The greatest quip on the subject of feminism was unleashed more than a century ago by a 20-year-old Rebecca West. She was in the middle of dismantling G.K. Chesterton, one of the Great Wits who had regrettably indulged in a dyspeptic tirade against suffragettes. Her 1913 essay Mr Chesterton in Hysterics: A Study In Prejudice is worth reading in its entirety, but here’s the zinger:
“I myself have never been able to find out precisely what feminism is: I only know that people call me a feminist whenever I express sentiments that differentiate me from a doormat or a prostitute.”
— Rebecca West
Of course Chesterton was not alone; many of the Great Wits who appear with some regularity here quipped about women as if they were furniture. To read these lines is to cringe, so let’s not.
“The history of men’s opposition to women’s emancipation is more interesting perhaps than the story of that emancipation itself.”
— Virginia Woolf
The definitive book on 20th-century female wit is Michelle Dean’s Sharp: The Women Who Made an Art of Having an Opinion, a group biography of West, Dorothy Parker, Joan Didion, Nora Ephron, and other leading lights. Dean cleanly slices the pickle these ladies were in: “Through their exceptional talent, they were granted a kind of intellectual equality to men other women had no hope of. All that personal success often put them in tension with the collective politics of ‘feminism.’”
“Men seldom make passes at girls who wear glasses.”
— Dorothy Parker
“Men seldom make passes at a girl who surpasses.”
— Franklin P. Jones
And the Great Wits who lacked Y chromosomes had to be clever about how they were clever, coming up with myriad ways to sidestep misogyny. Alice Roosevelt Longfellow used her pedigree; Moms Mabley used a disguise; Texas Guinan ran a speakeasy; Anita Loos dragged her deadbeat husband along as co-writer. They slipped through cracks in the glass ceiling and rarely looked back.
“I’m furious about the Women’s Liberationists. They keep getting up on soap boxes and proclaiming that women are brighter than men. That’s true, but it should be kept very quiet or it ruins the whole racket.”
— Anita Loos
Ruining the whole racket is what the Guerrilla Girls are all about. Founded in New York City in 1985, the anonymous collective has waged a continuous and continuously clever campaign against sexism in the art world. Their crackerjack motto: “Do one thing. If it works, do another. If it doesn’t, do another anyway. Keep chipping away!” In any sane world, their work would be worth 100 times a Banksy, but then, that’s their whole point. From a perfectly deadpan poster they published in 1989 titled “The Advantages of Being A Woman Artist:
Working without the pressure of success.
Not having to be in shows with men
Seeing your ideas live on in the work of others.
Having more time to work when your mate dumps you for someone younger.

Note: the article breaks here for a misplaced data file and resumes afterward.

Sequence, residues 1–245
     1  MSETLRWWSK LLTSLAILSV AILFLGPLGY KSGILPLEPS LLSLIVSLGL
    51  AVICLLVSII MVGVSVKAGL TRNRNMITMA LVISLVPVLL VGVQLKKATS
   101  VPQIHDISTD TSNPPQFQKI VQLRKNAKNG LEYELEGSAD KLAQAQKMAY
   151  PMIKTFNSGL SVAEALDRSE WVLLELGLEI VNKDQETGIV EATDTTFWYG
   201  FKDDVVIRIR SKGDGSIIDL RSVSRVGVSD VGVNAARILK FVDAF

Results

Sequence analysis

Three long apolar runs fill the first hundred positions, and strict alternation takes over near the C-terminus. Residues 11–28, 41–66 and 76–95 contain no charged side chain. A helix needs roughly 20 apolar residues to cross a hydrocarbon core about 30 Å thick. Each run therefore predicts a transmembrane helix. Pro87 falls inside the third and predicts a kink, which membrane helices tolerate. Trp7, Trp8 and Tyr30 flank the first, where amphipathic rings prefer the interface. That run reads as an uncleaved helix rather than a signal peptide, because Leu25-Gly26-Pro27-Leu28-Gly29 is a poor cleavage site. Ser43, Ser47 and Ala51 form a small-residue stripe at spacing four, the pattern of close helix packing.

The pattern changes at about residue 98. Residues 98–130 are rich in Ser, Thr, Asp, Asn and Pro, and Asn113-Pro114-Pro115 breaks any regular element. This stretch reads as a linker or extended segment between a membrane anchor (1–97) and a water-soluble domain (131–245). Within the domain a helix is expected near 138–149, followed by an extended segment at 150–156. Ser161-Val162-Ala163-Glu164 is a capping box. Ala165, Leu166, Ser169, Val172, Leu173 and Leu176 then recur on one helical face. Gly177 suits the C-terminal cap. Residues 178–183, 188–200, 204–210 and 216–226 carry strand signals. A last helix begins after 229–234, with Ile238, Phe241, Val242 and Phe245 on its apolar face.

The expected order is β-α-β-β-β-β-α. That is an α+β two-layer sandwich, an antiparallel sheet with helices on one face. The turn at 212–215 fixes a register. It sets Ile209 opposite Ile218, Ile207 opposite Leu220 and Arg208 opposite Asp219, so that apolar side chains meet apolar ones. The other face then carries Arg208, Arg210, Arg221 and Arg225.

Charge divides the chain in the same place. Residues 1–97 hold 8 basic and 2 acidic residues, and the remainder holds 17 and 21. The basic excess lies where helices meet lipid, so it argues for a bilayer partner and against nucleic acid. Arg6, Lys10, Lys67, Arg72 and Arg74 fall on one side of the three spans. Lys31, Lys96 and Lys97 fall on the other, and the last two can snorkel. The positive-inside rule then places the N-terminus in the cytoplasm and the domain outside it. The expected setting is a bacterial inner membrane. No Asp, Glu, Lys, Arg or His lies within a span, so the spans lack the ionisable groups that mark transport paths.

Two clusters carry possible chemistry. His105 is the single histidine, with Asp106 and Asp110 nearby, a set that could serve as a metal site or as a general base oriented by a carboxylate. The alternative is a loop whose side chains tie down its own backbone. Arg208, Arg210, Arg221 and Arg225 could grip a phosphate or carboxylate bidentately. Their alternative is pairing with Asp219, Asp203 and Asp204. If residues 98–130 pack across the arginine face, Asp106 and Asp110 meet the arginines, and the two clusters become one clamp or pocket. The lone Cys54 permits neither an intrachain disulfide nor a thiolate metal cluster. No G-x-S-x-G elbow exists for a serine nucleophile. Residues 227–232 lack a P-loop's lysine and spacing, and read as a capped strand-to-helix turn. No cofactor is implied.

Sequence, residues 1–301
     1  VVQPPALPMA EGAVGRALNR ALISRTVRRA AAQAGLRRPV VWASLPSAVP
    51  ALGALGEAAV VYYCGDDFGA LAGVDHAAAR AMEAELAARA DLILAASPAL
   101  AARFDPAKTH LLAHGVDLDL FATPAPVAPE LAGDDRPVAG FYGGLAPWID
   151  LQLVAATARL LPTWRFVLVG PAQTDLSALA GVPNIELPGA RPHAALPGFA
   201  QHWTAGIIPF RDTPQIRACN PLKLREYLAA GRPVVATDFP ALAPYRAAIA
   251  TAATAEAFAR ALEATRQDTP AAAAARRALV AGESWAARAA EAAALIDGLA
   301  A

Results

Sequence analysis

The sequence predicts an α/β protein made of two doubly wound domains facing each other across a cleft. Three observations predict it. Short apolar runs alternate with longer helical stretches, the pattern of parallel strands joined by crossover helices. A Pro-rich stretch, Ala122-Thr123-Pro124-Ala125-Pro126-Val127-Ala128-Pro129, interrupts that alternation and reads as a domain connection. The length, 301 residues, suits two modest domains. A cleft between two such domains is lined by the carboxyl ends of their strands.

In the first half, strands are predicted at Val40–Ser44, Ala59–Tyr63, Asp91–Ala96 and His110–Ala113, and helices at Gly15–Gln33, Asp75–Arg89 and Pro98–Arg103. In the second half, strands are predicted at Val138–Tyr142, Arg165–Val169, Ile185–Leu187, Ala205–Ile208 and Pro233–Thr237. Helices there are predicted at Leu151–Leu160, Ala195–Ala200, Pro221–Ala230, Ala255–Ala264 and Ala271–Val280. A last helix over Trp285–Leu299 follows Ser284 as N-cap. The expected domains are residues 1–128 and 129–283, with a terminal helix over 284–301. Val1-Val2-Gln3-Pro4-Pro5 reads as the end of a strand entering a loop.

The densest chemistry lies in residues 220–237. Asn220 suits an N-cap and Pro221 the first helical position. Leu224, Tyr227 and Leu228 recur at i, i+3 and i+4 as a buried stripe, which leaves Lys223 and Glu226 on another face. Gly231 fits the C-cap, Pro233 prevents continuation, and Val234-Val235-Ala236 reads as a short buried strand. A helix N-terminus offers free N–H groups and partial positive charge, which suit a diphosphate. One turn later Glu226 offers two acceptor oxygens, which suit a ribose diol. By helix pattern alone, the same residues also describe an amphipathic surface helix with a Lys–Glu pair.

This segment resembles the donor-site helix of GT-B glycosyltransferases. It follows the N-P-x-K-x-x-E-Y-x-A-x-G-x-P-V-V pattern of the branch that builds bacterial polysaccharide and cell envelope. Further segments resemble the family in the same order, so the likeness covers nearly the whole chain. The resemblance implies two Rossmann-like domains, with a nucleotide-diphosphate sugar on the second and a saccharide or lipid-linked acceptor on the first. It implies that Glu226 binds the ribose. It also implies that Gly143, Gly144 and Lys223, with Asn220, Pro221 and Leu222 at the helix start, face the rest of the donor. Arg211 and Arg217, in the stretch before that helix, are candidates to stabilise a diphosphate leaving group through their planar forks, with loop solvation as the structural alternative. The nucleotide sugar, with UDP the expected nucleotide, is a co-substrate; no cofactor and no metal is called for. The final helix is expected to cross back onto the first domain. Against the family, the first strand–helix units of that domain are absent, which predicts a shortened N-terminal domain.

Being included in revised versions of art history.
Not having to undergo the embarrassment of being called a genius.
In the same vein, the new book Jokes to Offend Men by Allison Kelley, Danielle Kraese, Kate Herzlin, and Ysabel Yates follows this formula of plainly stating facts, one after another, sometimes funny, sometimes punny, and occasionally just so.
Why didn’t the man ask for a raise?
He didn’t have to ask.
What do daughters and business cards have in common?
Men are expected to give them away at events.
Why couldn’t the toadstool take a seat?
The fungi had spread out and he didn’t leave her mushroom.
How can you tell if a man loves Manhattan?
He may love films in black and white, but he considers age of consent a gray area.
These are quips for everyone, unlike the singular successes of the pioneering women wits. The trouble with being a tremendously witty woman in a man’s world is that no matter where you go, you’re still there.
“If one is a woman writer there are certain things one must do—first, not be too good; second, die young, what an edge Katherine Mansfield has on all of us; third, commit suicide like Virginia Woolf. To go on writing and writing well just can’t be forgiven.’”
— Rebecca West
Though West went on writing well and never sought forgiveness. In 1970, a full 57 years after her first observation about prostitutes and doormats, long after the suffragettes won the day and as the first wave of feminism was at its peak, she kept chipping away:
“There is, of course, no reason for the existence of the male sex except that sometimes one needs help with moving the piano.”
“Of two evils, choose the prettier.”
— Carolyn Wells
Last week, you the readers opted for feminism over cinema, but in the real world we can have both! Unfortunately, this week we can either be mannered or monied. Which shall it be?
Get Wit Quick No. 177 is what a feminist looks like and/or at. My 2014 book Elements of Wit: Mastering The Art of Being Interesting can also be given away at events. Every time you tap the❤️ below, a fish gets a bicycle.
As usual, loved the quotes. I suppose since I'm one of those scribbling females it elicited few belly laughs but it did prompt lots of wry smiles of recognition. Have a great day.
Excellent piece. Might be mire surprised if I weren’t aware of who your spouse is. You are both on my list of folks I wished lived next door.